Pewabic's work is in many prominent places, including the Guardian Building. (Paul Erickson)
A new exhibit at the Detroit Historical Museum looks at the history of Pewabic Pottery and showcases its role in the city of Detroit.
“Made by Hand: Detroit’s Ceramic Legacy” opened last week in the museum’s Community Gallery. The retrospective also examines the growth of the arts and crafts movement in the U.S. and the development of ceramic art. The exhibit is scheduled to end Jan. 12.
Pewabic was founded in 1903. Its studio and education center on the city’s east side are a National Historic Landmark. Pewabic’s works are in many prominent places in Michigan, including Comerica Park and the Detroit Metropolitan Airport, as well as in buildings nationwide.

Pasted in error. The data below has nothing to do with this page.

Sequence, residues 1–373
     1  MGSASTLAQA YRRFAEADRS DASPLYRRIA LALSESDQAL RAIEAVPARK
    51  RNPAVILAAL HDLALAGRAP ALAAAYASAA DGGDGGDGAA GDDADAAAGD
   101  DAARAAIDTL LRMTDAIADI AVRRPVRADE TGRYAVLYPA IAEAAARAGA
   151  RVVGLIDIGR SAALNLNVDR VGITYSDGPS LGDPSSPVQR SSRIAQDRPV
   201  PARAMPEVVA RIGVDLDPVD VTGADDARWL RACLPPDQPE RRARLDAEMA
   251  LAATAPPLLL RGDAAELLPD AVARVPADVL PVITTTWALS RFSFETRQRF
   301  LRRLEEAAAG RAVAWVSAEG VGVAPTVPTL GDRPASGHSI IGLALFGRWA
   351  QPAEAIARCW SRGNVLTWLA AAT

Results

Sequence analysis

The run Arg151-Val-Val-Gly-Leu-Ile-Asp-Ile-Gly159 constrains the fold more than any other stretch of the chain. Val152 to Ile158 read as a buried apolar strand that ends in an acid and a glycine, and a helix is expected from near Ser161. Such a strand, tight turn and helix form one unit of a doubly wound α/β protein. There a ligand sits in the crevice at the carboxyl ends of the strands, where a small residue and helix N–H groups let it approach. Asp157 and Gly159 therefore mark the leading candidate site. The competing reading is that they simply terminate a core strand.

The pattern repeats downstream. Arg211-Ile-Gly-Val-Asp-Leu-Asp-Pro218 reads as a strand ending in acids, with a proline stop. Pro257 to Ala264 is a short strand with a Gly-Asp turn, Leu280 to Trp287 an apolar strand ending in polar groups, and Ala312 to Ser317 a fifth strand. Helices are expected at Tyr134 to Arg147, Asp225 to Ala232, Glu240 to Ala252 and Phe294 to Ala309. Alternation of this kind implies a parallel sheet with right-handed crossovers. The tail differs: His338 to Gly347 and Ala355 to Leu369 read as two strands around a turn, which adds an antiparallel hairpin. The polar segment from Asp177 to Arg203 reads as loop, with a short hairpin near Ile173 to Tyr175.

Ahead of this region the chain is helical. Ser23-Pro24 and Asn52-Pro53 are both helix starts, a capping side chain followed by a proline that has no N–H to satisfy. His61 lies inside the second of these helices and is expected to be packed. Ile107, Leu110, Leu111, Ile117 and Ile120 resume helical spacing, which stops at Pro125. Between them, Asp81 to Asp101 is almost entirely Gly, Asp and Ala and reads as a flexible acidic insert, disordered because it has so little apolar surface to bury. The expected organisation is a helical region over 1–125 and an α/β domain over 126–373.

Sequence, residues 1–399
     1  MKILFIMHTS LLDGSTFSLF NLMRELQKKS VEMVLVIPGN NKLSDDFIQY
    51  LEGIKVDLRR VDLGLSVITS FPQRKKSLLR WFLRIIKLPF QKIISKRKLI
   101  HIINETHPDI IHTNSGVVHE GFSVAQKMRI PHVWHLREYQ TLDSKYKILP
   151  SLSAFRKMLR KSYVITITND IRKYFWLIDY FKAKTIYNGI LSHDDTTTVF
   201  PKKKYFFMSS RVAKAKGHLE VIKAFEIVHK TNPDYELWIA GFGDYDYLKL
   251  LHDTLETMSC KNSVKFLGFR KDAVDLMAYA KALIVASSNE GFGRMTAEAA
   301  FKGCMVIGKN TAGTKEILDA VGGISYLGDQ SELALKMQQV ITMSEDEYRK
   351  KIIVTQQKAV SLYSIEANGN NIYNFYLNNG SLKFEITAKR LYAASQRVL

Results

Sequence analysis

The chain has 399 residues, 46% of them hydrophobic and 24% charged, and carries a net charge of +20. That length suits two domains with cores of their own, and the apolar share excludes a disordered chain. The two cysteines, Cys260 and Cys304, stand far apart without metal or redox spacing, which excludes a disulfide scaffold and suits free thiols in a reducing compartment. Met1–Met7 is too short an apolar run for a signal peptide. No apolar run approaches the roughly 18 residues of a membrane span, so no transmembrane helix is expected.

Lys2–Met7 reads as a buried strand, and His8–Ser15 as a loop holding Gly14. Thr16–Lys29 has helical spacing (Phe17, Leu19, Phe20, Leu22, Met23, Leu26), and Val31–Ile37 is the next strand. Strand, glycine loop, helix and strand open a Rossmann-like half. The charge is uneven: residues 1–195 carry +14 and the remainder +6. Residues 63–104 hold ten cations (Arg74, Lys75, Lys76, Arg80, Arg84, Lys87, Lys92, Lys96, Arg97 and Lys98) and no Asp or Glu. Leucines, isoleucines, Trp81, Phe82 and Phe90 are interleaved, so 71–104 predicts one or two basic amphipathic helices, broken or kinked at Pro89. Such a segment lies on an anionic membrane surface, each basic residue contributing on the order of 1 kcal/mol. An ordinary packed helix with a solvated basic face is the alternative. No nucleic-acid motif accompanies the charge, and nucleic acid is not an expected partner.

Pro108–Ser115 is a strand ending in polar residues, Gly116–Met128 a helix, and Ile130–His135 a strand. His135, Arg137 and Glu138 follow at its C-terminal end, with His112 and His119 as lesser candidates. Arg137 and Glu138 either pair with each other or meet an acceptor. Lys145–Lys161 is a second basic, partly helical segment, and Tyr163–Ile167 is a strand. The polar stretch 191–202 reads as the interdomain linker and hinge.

“Today, Pewabic is a multifaceted nonprofit ceramic education institution with active and growing education, exhibition, museum and design and fabrication programs,” exhibit organizers said in a statement.
Mary Chase Perry Stratton co-founded Pewabic with Horace James Caulkins, the owner of a dental supply business and a kiln innovator. A native of the Upper Peninsula town of Hancock, Stratton moved and named her business after the Pewabic Mines.
The process through which Pewabic’s tiles and other clay creations are made is a blend of traditional and modern methods.
‘Made by Hand: Detroit’s Ceramic Legacy’
'Made by Hand: Detroit's Ceramic Legacy'
Through Jan. 12
Detroit Historical Museum
5401 Woodward, Detroit